The New York High-Risk Project: anhedonia, attentional deviance, and psychopathology.Schizophr Bull. 1993; 19(1):141-53.SB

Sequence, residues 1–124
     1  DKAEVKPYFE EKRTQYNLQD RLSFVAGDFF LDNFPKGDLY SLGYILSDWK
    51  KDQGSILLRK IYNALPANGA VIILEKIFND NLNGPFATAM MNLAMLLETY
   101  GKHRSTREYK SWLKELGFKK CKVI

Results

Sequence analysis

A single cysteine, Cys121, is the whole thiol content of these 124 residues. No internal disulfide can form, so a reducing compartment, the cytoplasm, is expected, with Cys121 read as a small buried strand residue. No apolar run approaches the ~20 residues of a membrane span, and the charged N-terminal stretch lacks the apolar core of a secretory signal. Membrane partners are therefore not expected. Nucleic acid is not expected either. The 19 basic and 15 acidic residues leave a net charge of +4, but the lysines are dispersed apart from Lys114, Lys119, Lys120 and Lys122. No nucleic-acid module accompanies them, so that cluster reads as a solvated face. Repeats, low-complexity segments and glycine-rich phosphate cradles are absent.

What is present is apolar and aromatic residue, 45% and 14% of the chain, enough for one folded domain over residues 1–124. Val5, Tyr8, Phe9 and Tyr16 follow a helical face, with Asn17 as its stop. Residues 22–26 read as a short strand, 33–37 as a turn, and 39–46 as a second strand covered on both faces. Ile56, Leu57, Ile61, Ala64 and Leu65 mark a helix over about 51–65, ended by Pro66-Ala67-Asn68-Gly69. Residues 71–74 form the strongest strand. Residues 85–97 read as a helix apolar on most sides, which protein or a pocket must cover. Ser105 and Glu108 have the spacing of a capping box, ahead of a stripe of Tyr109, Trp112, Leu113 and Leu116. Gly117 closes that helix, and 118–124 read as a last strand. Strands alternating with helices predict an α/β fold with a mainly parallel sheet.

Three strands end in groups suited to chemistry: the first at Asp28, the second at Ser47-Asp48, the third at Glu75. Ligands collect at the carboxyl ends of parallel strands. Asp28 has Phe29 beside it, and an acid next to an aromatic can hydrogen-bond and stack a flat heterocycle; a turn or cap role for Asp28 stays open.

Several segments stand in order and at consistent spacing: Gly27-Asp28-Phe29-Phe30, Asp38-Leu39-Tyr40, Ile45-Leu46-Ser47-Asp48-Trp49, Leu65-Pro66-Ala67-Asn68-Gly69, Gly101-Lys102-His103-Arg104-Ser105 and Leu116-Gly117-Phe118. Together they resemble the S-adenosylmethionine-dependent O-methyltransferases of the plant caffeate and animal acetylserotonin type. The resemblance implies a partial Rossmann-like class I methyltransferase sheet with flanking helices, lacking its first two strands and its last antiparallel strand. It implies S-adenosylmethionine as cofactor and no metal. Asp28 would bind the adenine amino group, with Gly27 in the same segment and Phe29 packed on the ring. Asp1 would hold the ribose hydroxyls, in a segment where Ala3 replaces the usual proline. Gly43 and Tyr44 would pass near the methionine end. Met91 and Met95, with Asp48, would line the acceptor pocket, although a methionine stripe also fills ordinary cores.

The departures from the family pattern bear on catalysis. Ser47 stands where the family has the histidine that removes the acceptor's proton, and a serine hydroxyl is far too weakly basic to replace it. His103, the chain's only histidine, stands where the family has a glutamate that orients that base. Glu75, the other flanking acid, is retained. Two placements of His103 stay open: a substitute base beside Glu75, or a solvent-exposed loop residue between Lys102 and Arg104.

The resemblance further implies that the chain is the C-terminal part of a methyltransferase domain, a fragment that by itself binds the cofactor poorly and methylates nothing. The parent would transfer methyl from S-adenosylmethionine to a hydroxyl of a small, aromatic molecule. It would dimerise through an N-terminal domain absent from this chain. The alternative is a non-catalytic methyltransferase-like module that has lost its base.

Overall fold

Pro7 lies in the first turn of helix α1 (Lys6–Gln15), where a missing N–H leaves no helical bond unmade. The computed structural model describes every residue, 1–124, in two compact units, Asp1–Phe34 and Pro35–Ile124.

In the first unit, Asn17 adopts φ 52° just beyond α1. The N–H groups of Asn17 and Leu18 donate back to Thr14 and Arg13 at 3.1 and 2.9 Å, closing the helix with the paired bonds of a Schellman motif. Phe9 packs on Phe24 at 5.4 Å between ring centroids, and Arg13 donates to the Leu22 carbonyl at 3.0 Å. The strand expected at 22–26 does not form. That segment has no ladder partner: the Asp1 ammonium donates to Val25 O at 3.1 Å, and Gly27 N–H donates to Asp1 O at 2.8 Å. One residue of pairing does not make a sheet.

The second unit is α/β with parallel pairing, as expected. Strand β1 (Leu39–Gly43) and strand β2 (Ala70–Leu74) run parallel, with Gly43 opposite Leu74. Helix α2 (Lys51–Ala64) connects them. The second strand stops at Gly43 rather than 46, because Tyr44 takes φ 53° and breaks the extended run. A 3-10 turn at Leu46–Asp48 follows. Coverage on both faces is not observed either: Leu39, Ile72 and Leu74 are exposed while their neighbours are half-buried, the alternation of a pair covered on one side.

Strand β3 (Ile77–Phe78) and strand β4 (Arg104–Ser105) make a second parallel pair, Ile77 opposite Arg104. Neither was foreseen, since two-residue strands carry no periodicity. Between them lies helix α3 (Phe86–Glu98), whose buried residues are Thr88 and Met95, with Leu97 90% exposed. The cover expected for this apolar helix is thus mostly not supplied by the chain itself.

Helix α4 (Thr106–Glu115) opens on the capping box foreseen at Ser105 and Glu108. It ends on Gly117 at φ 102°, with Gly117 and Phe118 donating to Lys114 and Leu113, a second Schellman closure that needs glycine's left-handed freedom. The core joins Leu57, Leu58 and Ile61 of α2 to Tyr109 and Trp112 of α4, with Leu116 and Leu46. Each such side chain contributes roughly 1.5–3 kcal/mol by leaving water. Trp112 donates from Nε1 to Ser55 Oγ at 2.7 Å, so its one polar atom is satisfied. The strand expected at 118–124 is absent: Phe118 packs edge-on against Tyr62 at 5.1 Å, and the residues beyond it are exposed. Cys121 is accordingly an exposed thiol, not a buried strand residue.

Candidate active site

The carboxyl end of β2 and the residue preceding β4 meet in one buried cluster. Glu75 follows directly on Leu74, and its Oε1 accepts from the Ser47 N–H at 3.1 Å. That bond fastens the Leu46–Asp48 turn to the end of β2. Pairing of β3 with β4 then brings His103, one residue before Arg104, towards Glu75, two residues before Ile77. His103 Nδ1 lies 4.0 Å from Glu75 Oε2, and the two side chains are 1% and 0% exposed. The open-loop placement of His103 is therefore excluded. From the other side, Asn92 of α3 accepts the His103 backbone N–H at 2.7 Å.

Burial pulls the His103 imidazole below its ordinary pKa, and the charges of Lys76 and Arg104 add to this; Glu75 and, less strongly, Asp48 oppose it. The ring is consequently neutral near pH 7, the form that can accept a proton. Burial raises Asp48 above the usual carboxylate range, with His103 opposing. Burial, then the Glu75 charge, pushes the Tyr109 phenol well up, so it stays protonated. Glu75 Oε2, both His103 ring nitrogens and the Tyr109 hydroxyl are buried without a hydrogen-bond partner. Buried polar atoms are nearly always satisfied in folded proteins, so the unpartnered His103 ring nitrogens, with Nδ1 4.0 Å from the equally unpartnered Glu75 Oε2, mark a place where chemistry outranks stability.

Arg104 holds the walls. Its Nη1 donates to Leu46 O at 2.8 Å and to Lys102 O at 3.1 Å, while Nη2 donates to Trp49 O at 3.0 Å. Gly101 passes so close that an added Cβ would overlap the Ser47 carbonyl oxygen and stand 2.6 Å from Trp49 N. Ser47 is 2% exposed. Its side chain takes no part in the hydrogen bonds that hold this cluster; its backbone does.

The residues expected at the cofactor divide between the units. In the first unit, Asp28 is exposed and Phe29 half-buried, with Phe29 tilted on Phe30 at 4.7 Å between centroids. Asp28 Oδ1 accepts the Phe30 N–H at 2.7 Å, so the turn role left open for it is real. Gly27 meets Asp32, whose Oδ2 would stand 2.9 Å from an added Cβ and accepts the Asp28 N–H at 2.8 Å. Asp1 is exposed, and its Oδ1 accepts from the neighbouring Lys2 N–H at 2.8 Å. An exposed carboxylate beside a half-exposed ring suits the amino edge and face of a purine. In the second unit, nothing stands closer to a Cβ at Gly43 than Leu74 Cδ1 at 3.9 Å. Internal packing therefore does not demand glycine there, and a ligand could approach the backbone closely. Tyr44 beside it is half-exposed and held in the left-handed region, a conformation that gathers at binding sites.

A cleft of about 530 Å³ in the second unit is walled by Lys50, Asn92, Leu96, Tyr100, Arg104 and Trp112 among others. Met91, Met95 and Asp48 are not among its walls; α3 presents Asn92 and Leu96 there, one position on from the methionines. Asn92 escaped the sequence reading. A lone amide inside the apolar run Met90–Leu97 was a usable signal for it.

In the New York High-Risk Project (NYHRP) we followed subjects at risk for schizophrenic or affective disorders and low-risk controls from childhood to adulthood, with the goal of identifying early predictors of later schizophrenia-related psychopathology. In this article, we focus on two potential predictors: the Physical Anhedonia Scale administered in adolescence and the Attention Deviance Index obtained in childhood. Subjects of this report are 161 members of the NYHRP's first sample (sample A), who had scores on both attention and anhedonia and had followup clinical assessments in adulthood. We used a path analysis model and several separate regression analyses to examine the relationships of the parent diagnostic groups, attentional dysfunction, and anhedonia to each other and to each of three psychopathological outcomes: schizophrenia and schizophrenia-related psychoses, major affective disorder, and social isolation in nonpsychotic subjects. Subject groups did not differ in anhedonia scores but did differ in childhood attentional dysfunction, psychosis, and social isolation, all of which are more common in subjects at risk for schizophrenia. In these subjects at risk for schizophrenia, but not in the other two groups of subjects, childhood attentional dysfunction is related to anhedonia, social isolation, and possibly nonparanoid psychosis. Anhedonia is associated with social isolation and with psychosis in females. Several other gender effects are also noted.